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Alan_B

CCleaner Erased WRONG partition on WRONG device

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I am using Windows 7 Ultimate + SP1, 4 core processor, and CC 3.14.1616 (64bit)

 

I aimed 1 pass at (J:) a 1 GB Sony Flash Drive, FAT - not FAT32.

Drive Wiper zapped (T:), a 100 MB FAT32 partition on my secondary GPT HDD

 

Drive Wiper displayed all letters in alphabetic sequence, regardless of device.

The last letter was T:\, and immediately above was J:\

 

I selected (J:) via Tools / Drive Wiper and checked the box, and confirmed no other boxes were selected.

Then I noticed your default was Wipe Free Space only, so I switched to "Entire Drive (All data will be erased)"

I looked again as I clicked the Wipe Button, and Sony (J:) was still checked.

I typed ERASE and this was quickly completed.

 

I was surprised by how eager Drive Wiper was to do more work,

Upon completion of Wipe I observed that (J:) was no longer checked,

but T:\ was now checked and ready for zap - I hoped.

I also feared an awful Snafu and that for some reason the check-mark had dropped from (J:) to (T:) whilst I was typing Erase.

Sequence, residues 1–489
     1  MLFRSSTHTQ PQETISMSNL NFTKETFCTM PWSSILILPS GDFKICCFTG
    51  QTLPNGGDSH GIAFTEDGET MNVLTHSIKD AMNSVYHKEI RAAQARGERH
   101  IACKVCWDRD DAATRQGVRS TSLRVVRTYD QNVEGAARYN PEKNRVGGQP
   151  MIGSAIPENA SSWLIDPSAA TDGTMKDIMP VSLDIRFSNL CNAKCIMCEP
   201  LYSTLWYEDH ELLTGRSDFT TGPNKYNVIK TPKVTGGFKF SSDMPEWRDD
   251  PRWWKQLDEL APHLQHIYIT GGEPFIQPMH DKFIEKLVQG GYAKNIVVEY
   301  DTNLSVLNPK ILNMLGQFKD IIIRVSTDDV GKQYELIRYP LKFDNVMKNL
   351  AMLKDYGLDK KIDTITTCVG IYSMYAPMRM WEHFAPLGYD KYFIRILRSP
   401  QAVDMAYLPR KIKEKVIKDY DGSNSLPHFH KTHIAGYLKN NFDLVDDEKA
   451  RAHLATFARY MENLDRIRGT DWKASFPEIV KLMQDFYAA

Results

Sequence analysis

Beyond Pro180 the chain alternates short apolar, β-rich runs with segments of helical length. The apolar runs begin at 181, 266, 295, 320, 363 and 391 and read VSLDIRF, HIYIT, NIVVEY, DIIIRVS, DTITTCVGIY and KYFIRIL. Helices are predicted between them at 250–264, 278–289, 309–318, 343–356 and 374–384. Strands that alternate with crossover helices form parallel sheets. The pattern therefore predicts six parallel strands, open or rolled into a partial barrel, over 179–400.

Windows Explorer confirmed my worst fears - T:\ was dead as a Dodo, and all files remained on J:\

 

I have repeated the entire scenario up to but EXCLUDING the entry of the word ERASE,

and the check remained against (J:) and did not drop down to (T:) whilst I was changing the mode from Free Space to Entire Drive.

 

I am absolutely certain I did NOT accidentally check the bottom box against (T:).

I am human so I can possibly get confused about which letter I check in which box somewhere halfway down a list,

but there is no way I could check the bottom box and wrongly remember checking the box above.

I definitely remember checking the box above the bottom,

therefore if you consistently place (J:) above (T:), I could not have checked anything BUT (J:).

CCleaner made that mistake all by itself.

 

I very strongly suspect that you forgot what I checked whilst I subsequently switched mode from Free Space to Entire Drive ...,

and then you proceeded on the FALSE default of zapping (T:) but wrongly failing to refresh the display,

instead you left the (J:) box checked until you had zapped (T:) and only then did you show that your target had been (T:).

Being human it is possible that I saw what I expected to see, but I am 90% sure that I was careful because I am always cautious when System C:\ is at risk.

 

I strongly urge you to prevent your mistakes from hurting your customers,

and also prevent any mistake in the User's perception of the damage you are about to do.

Firstly the "WARNING ALL DATA ON SELECTED DISK DRIVES WILL BE ERASED."

That is TOTALLY INADEQUATE.